Pictures 1,2 and 4 from the Bletchley visit.
The level of linked order and organisation was immense, enabling a flow through of information, derived from the incoming data, passed to others who had the skills to interpret, then to a team of translators, who, in turn, forwarded this to the appropriate person. The reverse then might happen, to forward a response to the originator, whose need was for a broader picture built up at the centre from multiple sources and the ensuing decisions about actions.
It is the teacher role to engage with these different interpretations, to moderate and modify misconceptions, which may only become apparent on the basis of some kind of outcome, oral, written or drawn, or physical interpretation.
While the operatives at Bletchley Park had their mechanical means of interpreting data such as this, the teacher has their eyes, ears and minds with which to spot needs and deal with them in timely fashion, so that interpretation of concern into more manageable language or chunks can enable the child to participate fully.
I keep saying that all good teaching is premised on the teacher knowledge of children, with the moderating factor of the children who make up their current class. There will be similarities between classes, but also sometimes big differences between even the same year-group. All decisions are premised upon these two aspects. This knowledge will impact on the plans for progress, the parameters of tasks set, the teacher-child interactions within the lesson, reflections and decisions based on outcomes, in and beyond the lesson. It is a multi-dimensional jigsaw, enacted in real time, with the potential to achieve consolidated learning or none. The teacher is the equivalent of the Bombe machine, multiple instantaneous calculations being effected in seconds, leading to action.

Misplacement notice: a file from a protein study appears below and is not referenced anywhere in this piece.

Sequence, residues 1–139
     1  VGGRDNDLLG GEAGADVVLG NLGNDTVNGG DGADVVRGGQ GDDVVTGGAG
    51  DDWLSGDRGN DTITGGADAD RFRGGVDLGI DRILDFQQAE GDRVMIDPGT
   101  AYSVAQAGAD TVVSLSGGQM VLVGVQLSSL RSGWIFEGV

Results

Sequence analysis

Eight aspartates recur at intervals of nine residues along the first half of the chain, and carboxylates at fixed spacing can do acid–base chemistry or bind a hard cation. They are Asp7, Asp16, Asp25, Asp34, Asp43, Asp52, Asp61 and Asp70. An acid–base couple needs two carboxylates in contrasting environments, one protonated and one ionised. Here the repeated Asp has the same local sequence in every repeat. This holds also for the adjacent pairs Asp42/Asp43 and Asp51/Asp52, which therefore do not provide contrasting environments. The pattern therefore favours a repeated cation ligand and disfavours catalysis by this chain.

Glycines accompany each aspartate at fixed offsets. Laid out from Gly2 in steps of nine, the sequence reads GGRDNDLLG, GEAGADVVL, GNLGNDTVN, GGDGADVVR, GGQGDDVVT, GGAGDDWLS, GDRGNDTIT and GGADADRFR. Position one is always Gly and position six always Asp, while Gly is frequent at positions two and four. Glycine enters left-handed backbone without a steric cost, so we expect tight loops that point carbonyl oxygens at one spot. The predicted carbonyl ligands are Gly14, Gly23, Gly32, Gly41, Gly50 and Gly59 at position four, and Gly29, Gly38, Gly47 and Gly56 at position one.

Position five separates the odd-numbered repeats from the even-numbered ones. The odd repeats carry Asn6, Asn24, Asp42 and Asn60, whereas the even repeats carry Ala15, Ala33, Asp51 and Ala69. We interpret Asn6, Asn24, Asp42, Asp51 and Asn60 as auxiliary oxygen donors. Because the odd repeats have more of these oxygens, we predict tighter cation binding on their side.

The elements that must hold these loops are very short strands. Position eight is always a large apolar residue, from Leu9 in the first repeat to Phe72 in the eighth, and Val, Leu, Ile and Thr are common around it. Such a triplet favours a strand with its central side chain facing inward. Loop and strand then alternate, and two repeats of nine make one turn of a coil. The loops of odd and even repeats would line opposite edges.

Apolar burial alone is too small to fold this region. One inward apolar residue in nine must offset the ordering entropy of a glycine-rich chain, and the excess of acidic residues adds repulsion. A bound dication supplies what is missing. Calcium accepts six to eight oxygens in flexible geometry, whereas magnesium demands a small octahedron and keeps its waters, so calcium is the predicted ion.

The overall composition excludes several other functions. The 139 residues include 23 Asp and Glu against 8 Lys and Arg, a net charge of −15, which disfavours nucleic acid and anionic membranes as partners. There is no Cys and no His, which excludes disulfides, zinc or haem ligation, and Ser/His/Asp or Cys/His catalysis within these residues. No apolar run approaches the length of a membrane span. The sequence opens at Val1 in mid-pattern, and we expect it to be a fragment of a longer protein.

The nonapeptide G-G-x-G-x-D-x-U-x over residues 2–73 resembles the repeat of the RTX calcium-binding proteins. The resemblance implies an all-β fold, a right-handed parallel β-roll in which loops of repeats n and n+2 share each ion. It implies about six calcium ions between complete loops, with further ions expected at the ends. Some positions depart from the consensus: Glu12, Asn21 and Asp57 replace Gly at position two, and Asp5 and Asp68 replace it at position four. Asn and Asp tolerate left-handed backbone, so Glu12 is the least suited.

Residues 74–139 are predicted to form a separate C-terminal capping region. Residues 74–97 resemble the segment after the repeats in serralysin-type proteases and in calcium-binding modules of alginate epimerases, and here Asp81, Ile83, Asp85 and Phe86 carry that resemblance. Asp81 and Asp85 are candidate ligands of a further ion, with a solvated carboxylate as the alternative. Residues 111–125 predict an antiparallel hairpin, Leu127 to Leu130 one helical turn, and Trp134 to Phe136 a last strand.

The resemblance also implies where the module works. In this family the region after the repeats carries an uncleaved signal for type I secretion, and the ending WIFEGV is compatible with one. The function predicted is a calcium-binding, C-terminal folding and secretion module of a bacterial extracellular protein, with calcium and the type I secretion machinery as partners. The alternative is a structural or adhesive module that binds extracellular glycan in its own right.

Teacher awareness of these multiple sources of information is key.
It is, for trainees, a significant area of concern, as they do/may not have a broad background against which to start making judgements, so they are trying to make sense of the transmission need, as a key element of practice, but then to be able to pick up the trails of information that are scattered around the classroom.
For the operatives at Bletchley and for teachers, action taken on the basis of assumptions could lead to catastrophe; for one the potential loss of many lives, for the other a failed or series of failed lessons, with children’s learning as the casualty.
Data is the bane of teachers’ lives. Unless this is interpreted accurately into useable information, interpreted into child speak, so that it can be enacted, it is useless. It was one of the reasons that Levels were devalued; because people forgot the words and stopped interpreting them appropriately. The messages to children became false.
Learn to tune in, interpret and speak fluent child-speak. Become a real Learning Spy!